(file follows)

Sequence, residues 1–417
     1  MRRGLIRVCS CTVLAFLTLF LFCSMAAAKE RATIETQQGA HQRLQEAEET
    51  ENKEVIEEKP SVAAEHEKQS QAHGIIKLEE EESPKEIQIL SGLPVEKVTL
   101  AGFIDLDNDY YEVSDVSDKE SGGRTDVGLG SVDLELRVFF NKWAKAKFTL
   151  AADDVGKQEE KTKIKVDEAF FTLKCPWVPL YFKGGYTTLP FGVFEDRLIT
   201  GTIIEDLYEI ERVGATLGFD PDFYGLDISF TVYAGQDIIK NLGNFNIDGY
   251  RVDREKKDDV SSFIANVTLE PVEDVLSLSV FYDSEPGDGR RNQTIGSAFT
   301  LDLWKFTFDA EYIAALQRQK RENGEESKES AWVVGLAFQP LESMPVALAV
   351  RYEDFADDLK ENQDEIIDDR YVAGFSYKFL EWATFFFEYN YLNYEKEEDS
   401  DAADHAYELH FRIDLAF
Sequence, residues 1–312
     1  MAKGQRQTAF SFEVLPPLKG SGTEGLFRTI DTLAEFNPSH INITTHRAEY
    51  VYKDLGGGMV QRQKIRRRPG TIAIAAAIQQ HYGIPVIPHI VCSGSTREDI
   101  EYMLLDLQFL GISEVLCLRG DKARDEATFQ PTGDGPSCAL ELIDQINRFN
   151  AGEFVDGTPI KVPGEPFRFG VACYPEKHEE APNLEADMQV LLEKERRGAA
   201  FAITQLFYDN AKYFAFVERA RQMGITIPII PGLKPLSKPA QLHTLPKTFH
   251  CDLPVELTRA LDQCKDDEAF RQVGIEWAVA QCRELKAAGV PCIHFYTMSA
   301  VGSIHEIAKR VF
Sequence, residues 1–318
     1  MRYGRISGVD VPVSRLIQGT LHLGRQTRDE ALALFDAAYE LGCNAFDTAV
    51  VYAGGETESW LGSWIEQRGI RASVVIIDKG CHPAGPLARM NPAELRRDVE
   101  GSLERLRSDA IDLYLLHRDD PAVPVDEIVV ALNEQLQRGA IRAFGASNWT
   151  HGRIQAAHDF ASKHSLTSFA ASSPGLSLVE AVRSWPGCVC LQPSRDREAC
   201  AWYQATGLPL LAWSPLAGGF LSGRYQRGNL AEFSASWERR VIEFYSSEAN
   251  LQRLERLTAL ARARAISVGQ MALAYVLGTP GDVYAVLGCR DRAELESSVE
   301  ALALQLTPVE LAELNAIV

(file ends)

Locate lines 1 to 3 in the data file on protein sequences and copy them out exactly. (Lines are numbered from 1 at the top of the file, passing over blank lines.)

Sequence, residues 1–417
     1  MRRGLIRVCS CTVLAFLTLF LFCSMAAAKE RATIETQQGA HQRLQEAEET
    51  ENKEVIEEKP SVAAEHEKQS QAHGIIKLEE EESPKEIQIL SGLPVEKVTL